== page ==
I am suspended.
The seatbelt cuts my high-school freshman neck,
severs it clean. Released, my head floats above.
Mom’s head drifts too, somewhere downstream.
We are on separate vacations — from her past and my present.
Mom’s is long gone by the time I grab my own head and go.
“The family fell apart,” you say while making a new one.
I want to yell, but Mom’s ears are stuck on a riverbed,
while doctors try to cure my case of just-a-neck;
“It’s common, I’m afraid,” the doc says, breaking the news.
The drugs are supposed to help with the pain.
I see him at my friend Logan's wedding,
standing with his girlfriend, soon to be wife.
So I abandon someone kind for a wild man.
Deep down, I can tell, we both need to yell: It’s your fault.
I feel warm, fully anchored in my seat beside him when I visit, before we fall apart.
It’s quite the set-back, my therapist says.
It’s going to shit with men because I lost the keys.
And I am still searching for them, the ones to our original car,
a soft top; I rip it open to see my guts still there, baking all these years.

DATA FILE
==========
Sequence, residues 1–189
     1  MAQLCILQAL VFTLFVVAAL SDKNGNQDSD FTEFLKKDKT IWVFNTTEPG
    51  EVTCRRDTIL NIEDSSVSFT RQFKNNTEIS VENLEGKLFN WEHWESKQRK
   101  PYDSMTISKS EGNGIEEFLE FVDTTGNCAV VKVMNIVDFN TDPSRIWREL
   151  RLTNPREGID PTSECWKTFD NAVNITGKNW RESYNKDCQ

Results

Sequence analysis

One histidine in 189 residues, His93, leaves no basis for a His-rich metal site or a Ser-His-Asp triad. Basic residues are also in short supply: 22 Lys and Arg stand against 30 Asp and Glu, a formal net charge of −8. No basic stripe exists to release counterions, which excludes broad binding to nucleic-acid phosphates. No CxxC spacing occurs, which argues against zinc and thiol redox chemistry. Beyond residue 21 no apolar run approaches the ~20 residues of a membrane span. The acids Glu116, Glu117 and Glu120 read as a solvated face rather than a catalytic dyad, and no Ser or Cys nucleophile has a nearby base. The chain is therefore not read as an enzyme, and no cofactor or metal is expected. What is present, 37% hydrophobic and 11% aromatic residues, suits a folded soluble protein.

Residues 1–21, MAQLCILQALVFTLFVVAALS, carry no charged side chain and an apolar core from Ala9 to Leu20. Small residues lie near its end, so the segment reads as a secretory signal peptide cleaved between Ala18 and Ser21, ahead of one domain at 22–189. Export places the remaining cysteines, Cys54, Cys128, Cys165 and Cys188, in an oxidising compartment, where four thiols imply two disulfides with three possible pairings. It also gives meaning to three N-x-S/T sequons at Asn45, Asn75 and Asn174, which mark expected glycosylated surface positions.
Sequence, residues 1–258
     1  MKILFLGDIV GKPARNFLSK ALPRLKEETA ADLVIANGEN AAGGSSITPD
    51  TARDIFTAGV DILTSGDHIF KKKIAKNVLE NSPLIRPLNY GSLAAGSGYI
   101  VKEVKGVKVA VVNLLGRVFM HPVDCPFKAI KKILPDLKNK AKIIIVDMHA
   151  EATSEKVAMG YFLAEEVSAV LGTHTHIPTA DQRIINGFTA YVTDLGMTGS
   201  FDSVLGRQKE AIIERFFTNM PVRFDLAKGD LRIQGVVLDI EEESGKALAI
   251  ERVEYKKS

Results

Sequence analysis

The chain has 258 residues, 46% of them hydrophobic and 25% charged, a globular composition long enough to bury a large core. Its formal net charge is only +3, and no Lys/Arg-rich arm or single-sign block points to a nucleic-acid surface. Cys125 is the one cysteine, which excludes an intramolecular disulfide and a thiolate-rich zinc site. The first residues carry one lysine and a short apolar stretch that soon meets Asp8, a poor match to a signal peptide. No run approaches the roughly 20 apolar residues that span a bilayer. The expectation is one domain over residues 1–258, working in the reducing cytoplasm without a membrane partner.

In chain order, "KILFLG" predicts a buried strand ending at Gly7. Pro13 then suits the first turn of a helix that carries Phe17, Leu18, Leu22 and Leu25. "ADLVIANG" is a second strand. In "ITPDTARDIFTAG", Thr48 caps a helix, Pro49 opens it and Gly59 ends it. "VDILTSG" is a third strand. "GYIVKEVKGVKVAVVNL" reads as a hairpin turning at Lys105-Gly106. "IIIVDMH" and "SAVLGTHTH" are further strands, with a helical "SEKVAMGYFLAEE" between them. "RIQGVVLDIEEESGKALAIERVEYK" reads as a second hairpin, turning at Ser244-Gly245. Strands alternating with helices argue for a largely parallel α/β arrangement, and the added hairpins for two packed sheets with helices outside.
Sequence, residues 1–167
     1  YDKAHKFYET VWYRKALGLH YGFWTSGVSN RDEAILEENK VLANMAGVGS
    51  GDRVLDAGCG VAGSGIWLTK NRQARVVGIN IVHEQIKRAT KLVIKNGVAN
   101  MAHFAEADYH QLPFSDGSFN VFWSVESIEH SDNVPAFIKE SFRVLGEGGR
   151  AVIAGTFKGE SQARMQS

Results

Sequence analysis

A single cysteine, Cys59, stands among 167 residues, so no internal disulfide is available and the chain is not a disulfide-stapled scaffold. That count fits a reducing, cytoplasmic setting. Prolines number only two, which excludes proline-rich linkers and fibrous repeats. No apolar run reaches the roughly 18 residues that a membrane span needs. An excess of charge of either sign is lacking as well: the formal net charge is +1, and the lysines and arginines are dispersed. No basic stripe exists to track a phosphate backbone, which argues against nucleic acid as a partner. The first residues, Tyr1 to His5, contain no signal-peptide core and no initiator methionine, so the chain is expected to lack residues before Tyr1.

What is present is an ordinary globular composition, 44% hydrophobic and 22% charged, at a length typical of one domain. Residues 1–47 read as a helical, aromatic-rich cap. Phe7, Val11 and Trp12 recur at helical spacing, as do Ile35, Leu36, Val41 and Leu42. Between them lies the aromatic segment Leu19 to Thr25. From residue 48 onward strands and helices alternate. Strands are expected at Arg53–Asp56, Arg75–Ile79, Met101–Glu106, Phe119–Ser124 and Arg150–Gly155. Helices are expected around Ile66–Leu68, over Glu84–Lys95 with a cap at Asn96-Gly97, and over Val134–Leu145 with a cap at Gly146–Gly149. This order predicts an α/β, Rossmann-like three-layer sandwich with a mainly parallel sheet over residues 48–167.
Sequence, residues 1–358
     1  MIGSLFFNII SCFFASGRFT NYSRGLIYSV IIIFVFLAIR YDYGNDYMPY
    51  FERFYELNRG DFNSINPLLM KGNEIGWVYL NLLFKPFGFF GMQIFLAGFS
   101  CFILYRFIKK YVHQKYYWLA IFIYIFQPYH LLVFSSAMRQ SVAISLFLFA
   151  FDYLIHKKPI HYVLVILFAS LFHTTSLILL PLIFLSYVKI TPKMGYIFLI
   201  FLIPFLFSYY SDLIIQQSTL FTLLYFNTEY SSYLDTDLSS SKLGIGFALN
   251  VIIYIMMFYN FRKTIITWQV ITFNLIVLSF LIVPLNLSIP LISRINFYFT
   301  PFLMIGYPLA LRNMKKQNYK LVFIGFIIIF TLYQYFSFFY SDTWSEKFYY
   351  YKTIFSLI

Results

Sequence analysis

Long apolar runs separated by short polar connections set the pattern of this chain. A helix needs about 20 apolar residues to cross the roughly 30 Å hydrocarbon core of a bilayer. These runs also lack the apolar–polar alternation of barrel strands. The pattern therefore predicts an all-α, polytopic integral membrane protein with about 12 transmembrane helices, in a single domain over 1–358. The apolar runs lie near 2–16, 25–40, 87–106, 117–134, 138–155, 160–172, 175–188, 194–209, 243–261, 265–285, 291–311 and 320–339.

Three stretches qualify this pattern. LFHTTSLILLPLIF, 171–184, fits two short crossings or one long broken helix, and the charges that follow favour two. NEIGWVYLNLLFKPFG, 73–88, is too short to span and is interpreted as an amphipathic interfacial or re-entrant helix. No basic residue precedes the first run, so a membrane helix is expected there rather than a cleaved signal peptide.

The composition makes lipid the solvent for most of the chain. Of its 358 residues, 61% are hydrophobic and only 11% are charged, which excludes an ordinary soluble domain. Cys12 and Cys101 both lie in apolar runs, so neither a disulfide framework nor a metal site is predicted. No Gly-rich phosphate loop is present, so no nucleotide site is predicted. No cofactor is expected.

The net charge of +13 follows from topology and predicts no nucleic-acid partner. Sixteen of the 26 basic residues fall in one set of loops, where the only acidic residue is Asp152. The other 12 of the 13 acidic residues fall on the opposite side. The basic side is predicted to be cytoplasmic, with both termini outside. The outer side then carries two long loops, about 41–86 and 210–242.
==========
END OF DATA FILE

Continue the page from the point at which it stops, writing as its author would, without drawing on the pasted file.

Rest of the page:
You abandoned the machine and left me to rust in the sun.
I need you to remember, so we can get back in.
You drive; I sit taller now but will slouch to be realistic.
Let’s replay our roles, but end it a better way, please.
Please help me do this so I can finally stay in love.
I am a child.
I pirouette and dip,
In a pale pink tutu at the father-daughter dance.
Searching, I step out in front, alone. I bow.
You don’t remember the dance; I’ve forgiven you.
Mom holds me after the show.
You should be proud, she says.
I am. I am. I am. I am floating.
That's what I always thought love felt like.
It's more like warm milk, my therapist says.
Same time next week?
Thanks to my friend, Adrian Bonenberger, for editing.